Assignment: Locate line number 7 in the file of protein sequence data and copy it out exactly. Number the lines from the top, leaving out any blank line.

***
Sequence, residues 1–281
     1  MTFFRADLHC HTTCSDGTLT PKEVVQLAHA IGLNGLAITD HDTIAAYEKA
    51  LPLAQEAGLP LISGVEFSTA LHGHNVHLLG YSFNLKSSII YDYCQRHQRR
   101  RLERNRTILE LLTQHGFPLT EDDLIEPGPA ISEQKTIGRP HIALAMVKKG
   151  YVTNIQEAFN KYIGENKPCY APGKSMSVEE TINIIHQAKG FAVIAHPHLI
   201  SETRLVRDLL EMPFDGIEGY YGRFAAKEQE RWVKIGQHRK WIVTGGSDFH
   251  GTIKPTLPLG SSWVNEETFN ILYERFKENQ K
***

   251  GTIKPTLPLG SSWVNEETFN ILYERFKENQ K